In the ancient church, the 6th of January was observed in celebration of not only the birth of Jesus and the adoration of the Magi and shepherds, but also other events such as his baptism by John and the wedding at Cana.
Taking a narrative view of ritual, Unitarian Reform collects all of the birth-related events together in the Advent/Christmas season, reserving the stories of Jesus’ adulthood for the more solemn Lenten season.*
For this reason, Reform Unitarian Epiphany — closing out the Christmas season — commemorates the Adoration of the Magi and Shepherds, celebrating the universality of the Christian message, from high priests to herders, and from Jesus’ fellow religionists to representatives of a completely different ethno-religious tradition.
The local Jewish shepherds create a spiritually and morally significant contrast to the foreign Magi, high priests of Zoroastrianism: both the breadth of cultural idiom and the heights of socioeconomic class are bridged in their Adoration. As the shepherds were guided by an angel who spoke to them, while the Magi were guided by a star they studied, these two visitations also represent personal and impersonal idiomatic approaches to truth.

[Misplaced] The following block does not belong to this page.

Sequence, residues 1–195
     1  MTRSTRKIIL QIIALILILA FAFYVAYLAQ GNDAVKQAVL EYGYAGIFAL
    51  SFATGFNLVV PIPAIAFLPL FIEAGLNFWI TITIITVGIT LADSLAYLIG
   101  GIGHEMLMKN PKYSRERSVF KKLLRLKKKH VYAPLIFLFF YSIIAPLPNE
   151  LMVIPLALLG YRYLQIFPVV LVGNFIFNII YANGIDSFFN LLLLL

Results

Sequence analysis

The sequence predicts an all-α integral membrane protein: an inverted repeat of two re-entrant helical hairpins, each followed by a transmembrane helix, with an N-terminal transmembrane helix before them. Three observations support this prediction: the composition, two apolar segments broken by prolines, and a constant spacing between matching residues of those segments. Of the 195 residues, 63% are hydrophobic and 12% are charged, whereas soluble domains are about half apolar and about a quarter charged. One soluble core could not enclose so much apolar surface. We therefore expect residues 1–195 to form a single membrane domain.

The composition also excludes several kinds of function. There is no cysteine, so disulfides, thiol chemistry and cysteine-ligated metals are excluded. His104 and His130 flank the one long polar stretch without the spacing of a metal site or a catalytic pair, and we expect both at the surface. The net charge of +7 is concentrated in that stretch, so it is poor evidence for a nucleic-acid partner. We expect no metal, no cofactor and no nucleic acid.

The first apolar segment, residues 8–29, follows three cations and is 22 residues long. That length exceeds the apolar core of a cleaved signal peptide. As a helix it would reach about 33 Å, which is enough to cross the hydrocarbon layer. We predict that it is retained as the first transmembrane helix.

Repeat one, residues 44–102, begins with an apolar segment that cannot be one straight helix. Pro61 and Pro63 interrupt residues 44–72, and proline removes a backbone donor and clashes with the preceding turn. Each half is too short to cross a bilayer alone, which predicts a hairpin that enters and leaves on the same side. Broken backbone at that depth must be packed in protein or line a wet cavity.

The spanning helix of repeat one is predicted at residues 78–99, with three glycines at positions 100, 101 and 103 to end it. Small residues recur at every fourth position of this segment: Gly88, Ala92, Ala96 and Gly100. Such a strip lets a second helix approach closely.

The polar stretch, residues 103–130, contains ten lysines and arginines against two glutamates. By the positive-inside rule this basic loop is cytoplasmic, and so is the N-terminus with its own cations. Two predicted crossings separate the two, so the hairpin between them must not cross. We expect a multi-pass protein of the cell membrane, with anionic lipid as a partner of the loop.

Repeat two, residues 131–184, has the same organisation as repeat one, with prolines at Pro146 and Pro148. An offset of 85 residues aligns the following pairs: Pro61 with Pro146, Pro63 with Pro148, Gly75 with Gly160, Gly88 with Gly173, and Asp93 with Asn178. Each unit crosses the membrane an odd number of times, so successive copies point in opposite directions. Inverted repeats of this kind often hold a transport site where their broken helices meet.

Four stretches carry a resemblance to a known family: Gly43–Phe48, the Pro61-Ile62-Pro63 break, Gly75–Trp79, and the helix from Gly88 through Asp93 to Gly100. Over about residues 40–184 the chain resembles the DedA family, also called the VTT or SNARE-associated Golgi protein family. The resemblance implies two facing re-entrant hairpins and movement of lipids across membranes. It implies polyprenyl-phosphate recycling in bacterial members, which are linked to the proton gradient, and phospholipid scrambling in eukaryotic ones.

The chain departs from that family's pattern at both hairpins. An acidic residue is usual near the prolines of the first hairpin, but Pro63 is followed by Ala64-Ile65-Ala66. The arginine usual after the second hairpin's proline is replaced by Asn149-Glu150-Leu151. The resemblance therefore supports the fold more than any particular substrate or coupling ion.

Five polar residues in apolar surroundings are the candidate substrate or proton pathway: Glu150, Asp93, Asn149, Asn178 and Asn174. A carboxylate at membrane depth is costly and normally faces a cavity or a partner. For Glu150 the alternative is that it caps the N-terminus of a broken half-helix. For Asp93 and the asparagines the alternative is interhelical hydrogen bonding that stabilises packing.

* The Temple-related events of Jesus’ childhood, including his presentation and later disputation, are collectively celebrated on Candlemas, the first Thursday in February.